Panel Approves Hydrofracking Leases on State Owned Universities

cross posted from the Towanda Daily Review

A bill to open the way for natural gas drilling on the grounds of 14-state-owned universities and other unexplored state-owned land cleared a first hurdle Tuesday in a Senate committee.

The vote by the Environmental Resources and Energy Committee came after Gov. Tom Corbett of Pennsylvania suggested last week that the half dozen state-owned universities in the Marcellus Shale formation consider using drilling revenues to help solve their financial problems. The governor has proposed a 50 percent cut in state aid to higher education to help deal with the state’s fiscal problems.

The measure by Sen. Don White, R-41, Indiana, gives the Department of General Services clear authority to negotiate leases with companies to develop oil and gas, coal, limestone and other minerals on state-owned land with the exception of state parks and forests and game lands that fall under control of other agencies.

White introduced the bill to speed up a coal mine reclamation project on state land in his district. But the legislation has now been amended as a vehicle to use Marcellus Shale revenue to replenish the coffers of two special state funds.

Under state law, all state agencies, excepting the Game Commission and Fish and Boat Commission, deposit oil and gas revenue into the Oil and Gas Fund which since 1955 has supported conservation and recreation projects, and more recently, operations at the state parks and forests.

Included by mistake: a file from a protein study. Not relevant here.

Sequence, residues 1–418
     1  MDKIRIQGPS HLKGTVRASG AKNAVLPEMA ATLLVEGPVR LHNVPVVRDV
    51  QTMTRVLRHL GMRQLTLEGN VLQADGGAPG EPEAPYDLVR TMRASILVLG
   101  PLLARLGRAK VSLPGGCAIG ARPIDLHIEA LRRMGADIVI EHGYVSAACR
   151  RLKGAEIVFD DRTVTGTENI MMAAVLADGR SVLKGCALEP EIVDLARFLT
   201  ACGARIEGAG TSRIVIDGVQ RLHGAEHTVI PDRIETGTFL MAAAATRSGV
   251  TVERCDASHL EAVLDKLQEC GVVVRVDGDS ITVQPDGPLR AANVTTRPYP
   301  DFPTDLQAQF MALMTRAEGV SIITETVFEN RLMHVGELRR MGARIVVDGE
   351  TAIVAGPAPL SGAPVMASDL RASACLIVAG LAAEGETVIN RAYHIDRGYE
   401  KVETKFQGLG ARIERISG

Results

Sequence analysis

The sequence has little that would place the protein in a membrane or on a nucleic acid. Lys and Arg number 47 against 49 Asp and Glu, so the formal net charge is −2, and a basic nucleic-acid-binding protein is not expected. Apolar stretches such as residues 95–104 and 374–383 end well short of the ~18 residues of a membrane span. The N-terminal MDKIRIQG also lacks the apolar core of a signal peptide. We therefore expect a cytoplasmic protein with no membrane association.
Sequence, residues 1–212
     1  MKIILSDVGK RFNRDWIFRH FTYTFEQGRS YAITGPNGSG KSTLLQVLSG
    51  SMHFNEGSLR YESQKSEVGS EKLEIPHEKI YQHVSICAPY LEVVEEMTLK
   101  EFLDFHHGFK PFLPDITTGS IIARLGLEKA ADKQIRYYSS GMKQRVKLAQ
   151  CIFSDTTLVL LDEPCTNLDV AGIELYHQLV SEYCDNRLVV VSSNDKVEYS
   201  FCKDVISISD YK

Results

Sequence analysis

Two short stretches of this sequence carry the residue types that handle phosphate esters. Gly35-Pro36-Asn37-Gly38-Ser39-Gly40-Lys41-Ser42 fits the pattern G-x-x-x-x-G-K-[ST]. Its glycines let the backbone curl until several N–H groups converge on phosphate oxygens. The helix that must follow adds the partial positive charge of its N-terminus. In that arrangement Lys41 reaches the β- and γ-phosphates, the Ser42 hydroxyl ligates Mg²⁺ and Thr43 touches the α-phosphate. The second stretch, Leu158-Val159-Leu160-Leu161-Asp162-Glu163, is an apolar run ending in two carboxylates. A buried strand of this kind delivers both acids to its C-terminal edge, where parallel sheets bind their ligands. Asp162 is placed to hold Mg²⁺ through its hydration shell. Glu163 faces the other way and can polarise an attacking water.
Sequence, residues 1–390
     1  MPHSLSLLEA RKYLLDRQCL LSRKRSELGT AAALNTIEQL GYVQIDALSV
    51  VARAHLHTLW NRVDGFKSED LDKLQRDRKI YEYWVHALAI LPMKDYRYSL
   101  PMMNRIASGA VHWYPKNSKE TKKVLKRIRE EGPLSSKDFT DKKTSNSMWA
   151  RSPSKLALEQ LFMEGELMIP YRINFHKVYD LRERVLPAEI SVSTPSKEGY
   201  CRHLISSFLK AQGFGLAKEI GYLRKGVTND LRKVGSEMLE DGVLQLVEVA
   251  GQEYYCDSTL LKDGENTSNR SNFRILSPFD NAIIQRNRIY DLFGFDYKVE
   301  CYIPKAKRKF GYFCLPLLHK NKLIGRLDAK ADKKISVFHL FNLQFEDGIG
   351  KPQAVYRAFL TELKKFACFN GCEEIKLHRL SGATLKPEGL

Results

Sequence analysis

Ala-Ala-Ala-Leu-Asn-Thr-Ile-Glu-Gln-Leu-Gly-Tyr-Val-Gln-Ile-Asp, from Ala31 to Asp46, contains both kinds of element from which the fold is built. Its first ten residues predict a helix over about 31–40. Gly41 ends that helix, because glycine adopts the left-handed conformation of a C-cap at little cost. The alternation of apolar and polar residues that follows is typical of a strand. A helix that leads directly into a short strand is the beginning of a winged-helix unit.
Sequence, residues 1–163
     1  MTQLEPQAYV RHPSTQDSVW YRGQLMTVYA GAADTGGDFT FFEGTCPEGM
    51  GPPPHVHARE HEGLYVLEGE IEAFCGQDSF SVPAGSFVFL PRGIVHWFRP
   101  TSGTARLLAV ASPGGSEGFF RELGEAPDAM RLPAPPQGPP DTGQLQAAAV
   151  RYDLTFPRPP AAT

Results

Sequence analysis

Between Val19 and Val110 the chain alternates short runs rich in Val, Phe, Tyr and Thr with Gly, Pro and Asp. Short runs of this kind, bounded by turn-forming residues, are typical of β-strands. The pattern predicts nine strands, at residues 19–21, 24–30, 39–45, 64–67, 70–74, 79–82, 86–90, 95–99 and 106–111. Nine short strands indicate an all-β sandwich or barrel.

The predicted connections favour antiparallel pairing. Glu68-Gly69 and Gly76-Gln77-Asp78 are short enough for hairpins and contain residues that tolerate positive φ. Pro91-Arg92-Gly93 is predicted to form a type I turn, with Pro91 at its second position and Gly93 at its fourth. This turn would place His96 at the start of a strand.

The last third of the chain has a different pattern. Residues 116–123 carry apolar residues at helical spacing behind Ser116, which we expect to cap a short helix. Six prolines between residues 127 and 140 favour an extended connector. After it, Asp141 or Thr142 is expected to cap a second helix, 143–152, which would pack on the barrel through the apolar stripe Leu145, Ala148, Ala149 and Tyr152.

In practice, most drilling activity in recent decades has taken place on state forest land and game land. Despite some tentative discussions, no gas leasing or drilling has yet taken place on a state-owned campus or state historic site. Mansfield and Lock Haven are among state-owned universities in the Marcellus formation. Pennsylvania State University and its branch campuses are not affected by this bill.

The Senate bill would allocate at least half of the revenue from mineral leases and bonuses to the Environmental Stewardship Fund, which supports environmental projects, and to the Key ’93 fund, a program created in the 1990s to pay for local park and recreation projects. The other 50 percent would go to the all-purpose state General Fund.

In the case of campus leases only, this bill provides that all revenue go to Key ’93, which also helps pay for the rehabilitation of campus buildings.

The Key ’93 Fund has seen a recession-spurred dropoff of revenue for its main funding source, the state realty transfer tax, said panel chairwoman Sen. Mary Jo White, R-21, Oil City.

In the House, Rep. Matt Baker, R-68, Wellsboro, has sponsored a bill to earmark rents and royalties from future wells on state-owned campuses to pay for building projects.

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